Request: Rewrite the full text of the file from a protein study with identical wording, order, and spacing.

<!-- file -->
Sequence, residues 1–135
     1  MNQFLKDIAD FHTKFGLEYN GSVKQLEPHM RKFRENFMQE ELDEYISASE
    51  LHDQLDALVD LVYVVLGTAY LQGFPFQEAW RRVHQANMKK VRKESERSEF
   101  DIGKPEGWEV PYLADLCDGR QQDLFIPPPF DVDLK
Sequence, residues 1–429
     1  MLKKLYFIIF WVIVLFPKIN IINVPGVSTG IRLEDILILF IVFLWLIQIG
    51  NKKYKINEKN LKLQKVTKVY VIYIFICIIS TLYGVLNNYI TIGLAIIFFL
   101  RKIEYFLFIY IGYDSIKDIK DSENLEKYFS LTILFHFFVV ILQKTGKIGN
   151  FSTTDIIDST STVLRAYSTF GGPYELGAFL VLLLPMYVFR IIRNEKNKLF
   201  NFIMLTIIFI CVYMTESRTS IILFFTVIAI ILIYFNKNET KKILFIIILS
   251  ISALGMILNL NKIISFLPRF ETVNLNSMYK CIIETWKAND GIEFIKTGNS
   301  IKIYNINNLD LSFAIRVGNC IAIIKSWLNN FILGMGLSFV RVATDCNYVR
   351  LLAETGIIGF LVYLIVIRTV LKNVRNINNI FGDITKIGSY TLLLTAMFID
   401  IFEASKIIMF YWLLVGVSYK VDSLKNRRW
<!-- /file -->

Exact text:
Sequence, residues 1–135
     1  MNQFLKDIAD FHTKFGLEYN GSVKQLEPHM RKFRENFMQE ELDEYISASE
    51  LHDQLDALVD LVYVVLGTAY LQGFPFQEAW RRVHQANMKK VRKESERSEF
   101  DIGKPEGWEV PYLADLCDGR QQDLFIPPPF DVDLK
Sequence, residues 1–429
     1  MLKKLYFIIF WVIVLFPKIN IINVPGVSTG IRLEDILILF IVFLWLIQIG
    51  NKKYKINEKN LKLQKVTKVY VIYIFICIIS TLYGVLNNYI TIGLAIIFFL
   101  RKIEYFLFIY IGYDSIKDIK DSENLEKYFS LTILFHFFVV ILQKTGKIGN
   151  FSTTDIIDST STVLRAYSTF GGPYELGAFL VLLLPMYVFR IIRNEKNKLF
   201  NFIMLTIIFI CVYMTESRTS IILFFTVIAI ILIYFNKNET KKILFIIILS
   251  ISALGMILNL NKIISFLPRF ETVNLNSMYK CIIETWKAND GIEFIKTGNS
   301  IKIYNINNLD LSFAIRVGNC IAIIKSWLNN FILGMGLSFV RVATDCNYVR
   351  LLAETGIIGF LVYLIVIRTV LKNVRNINNI FGDITKIGSY TLLLTAMFID
   401  IFEASKIIMF YWLLVGVSYK VDSLKNRRW